it with sighs of satisfaction. In proportion to size and population, St. Andrews
contains more magnificent homes than any
other resort in Canada.
The serene little town slips down between the St. Croix River and Passamaquoddy Bay, close to the coast of Maine
It is linked with Saint John, Montreal,
Portland and Boston by the Canadian
Pacific Railway. At one and the same
time it is easily accessible and happily
Through somewhat formal driveways
your car swings up to the Algonquin Hotel!
a building whose beauty will be appreciated
by even the most insensitive. A fireproof
structure, the hotel is built of stucco and
concrete, and has adequate garage accommodation. A touch of antiquity is lent
it by the creeping vines and flowers.
Algonquin Hotel. Nearly every one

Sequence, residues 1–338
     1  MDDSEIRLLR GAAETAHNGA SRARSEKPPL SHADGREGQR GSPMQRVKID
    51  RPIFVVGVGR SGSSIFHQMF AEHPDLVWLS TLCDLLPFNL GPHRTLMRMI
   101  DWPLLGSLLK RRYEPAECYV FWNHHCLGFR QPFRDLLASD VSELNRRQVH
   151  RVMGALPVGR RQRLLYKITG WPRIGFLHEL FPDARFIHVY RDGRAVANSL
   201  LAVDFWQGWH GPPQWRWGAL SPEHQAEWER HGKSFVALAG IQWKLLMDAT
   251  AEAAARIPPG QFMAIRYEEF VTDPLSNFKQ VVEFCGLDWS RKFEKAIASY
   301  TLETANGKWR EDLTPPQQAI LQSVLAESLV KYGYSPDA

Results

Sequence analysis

of the Algonquin's 250 rooms commands
glorious views of Passamaquoddy Bay.
Mowers in profusion are everywhere, both
inside and out; the lounge, music, card and
dining rooms flaunting great masses of
bloom day in and day out.
Every afternoon and three evenings each
week musicales are given in the Casino.   On
alternate evenings a 9-piece orchestra plays
lor   dancing.    On   other   nights,   moving
pictures are shown.    Tennis courts, bowling greens and putting greens are here, in
perfect condition.    In Katie's Cove there
is safe sea-bathing.    And as for golf, there
are two courses, one 18 holes and one 9
both   numbered   among   the   outstanding
courses of Canada.    Par going out on the
longer course is 36, and everything must
brefk right  to  get  it.    And  coming  in!
Well, no one ever forgets the 10th,  15th
and 16th.    And adding to your enjoyment
is the tang of the exhilarating salt sea-air.
Fishing,    motoring,    sailing,    rambling,
basking in the clear sea air and sunshine—
at the Algonquin there is enough enjoyment for everybody. Rugged
Shore Line
Nova Scotia. In 1524, Verrazano, describing his voyage along the coast of